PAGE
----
First-of-its-kind pilot study uses MDMA for alcohol addiction

The drug was found safe, tolerable, and possibly effective.

A small study out of Imperial College London is the first of its kind to test using therapy combined with MDMA for alcohol addiction. While predominantly a proof-of-concept study, looking at the safety and tolerability of the drug for people with alcohol use disorder, the researchers were able to glean some early insights into the possible efficacy of MDMA for alcohol addiction as well.

The study, headed by Ben Sessa, enrolled 14 subjects with alcoholism (medically known as alcohol use disorder). Designed to establish a safety profile, the nine-month follow up period “also allowed for a unique insight into the possible long-term efficacy of the treatment,” reported New Atlas‘ Rich Haridy.

While quite small and lacking a placebo control (normal for initial safety and tolerability studies), the research, published in the Journal of Psychopharmacology, could open the door to therapeutically using MDMA for alcohol addiction and other hard-to-shake substance abuse problems.

Science Joins the Party

MDMA made its debut in the broader public consciousness while clutching water bottles and insisting on touching your shirt — because it feels soooooo neat! — but clinical research has shown that MDMA-enhanced therapy is also a promising PTSD treatment.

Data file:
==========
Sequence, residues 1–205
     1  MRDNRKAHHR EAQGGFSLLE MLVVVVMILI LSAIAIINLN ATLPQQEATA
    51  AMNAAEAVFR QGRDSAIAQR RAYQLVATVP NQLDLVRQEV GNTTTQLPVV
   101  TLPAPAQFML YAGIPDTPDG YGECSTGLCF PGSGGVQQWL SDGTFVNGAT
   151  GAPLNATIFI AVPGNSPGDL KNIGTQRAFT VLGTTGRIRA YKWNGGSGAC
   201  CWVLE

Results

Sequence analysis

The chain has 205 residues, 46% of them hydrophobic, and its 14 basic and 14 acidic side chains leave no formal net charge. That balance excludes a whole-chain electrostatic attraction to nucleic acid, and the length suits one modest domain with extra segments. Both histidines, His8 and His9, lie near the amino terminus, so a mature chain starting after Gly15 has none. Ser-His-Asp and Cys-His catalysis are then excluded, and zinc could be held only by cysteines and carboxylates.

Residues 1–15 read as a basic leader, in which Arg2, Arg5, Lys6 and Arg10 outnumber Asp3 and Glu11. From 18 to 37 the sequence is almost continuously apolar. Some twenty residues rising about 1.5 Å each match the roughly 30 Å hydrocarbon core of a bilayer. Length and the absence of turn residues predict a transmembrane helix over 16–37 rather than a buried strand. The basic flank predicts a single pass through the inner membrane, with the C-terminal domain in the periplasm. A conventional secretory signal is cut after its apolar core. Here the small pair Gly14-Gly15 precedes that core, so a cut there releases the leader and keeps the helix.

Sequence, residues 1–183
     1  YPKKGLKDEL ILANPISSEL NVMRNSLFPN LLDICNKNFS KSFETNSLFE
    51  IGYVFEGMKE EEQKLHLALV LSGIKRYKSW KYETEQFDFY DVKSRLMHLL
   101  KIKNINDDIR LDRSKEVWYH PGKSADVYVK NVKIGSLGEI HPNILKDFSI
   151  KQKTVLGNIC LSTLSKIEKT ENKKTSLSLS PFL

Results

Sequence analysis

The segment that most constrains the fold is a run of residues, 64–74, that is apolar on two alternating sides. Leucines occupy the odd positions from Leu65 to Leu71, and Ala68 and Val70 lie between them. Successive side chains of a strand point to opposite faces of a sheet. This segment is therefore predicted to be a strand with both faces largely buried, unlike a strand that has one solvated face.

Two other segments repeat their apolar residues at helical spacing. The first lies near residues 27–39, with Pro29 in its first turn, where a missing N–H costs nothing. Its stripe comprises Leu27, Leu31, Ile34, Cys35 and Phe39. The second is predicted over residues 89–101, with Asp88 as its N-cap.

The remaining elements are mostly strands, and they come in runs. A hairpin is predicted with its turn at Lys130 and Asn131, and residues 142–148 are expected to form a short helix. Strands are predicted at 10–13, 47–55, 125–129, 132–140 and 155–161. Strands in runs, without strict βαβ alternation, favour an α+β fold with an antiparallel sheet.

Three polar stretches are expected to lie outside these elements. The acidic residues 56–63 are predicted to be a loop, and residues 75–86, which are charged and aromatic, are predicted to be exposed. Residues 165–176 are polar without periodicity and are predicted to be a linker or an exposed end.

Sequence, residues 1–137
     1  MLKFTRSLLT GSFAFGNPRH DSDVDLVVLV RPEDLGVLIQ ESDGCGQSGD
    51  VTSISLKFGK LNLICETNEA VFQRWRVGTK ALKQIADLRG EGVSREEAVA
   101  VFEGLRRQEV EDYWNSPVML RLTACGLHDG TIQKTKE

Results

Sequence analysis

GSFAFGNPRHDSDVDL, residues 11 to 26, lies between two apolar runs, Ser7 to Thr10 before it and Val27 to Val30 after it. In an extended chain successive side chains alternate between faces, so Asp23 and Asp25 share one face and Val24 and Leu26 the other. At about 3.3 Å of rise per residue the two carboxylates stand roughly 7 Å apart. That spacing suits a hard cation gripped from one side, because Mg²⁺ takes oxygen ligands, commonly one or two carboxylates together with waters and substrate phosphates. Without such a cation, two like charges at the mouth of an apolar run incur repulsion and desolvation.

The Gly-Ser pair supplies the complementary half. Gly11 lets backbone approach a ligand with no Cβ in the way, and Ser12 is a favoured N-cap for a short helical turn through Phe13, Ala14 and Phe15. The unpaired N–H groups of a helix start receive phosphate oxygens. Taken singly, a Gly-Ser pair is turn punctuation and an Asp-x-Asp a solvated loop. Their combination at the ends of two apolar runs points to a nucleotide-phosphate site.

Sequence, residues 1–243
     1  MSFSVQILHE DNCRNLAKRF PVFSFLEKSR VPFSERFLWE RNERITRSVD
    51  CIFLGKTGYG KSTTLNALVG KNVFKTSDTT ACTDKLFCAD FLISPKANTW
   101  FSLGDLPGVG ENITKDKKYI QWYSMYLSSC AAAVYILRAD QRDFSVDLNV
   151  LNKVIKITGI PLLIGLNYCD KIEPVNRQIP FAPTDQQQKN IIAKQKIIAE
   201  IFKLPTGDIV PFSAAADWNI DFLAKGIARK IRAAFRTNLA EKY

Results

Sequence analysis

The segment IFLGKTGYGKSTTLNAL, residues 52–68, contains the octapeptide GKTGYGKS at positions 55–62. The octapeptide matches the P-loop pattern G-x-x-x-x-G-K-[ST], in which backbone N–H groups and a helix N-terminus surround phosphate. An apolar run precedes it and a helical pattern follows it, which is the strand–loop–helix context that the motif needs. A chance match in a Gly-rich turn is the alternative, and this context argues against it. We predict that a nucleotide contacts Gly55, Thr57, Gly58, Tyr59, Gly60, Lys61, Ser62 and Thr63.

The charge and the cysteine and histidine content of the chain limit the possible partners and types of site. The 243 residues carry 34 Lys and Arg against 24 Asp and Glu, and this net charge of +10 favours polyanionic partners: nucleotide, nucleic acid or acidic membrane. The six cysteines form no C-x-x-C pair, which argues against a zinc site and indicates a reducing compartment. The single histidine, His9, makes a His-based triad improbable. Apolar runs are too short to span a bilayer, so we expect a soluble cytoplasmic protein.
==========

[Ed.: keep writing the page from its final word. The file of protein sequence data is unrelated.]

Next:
“Nothing in psychiatry, even in uncontrolled small trials, has come close” to MDMA’s effects, Stanford’s Boris Heifets previously told me. Despite the inherent limitations of the studies, the results have been impressive, “even taking into account that these are well-screened patients, and it’s very difficult to placebo control these trials.”

MDMA’s well-known penchant for getting your mind moving and feelings purring may be the key, allowing patients to work through difficult trauma while taking some of the edge off. 

This is backed by the anecdotal experiences of people I’ve interviewed who have had MDMA therapy; the idea of the drug unlocking or revealing a part of them they would not have been able to reach otherwise has been mentioned every time, by patients who have never met and do not know each other.

Last February, right before everything changed, Heifets mentioned that, despite PTSD research being “almost entirely” the focus of the field, there was some preliminary work being done on MDMA and alcohol abuse disorder.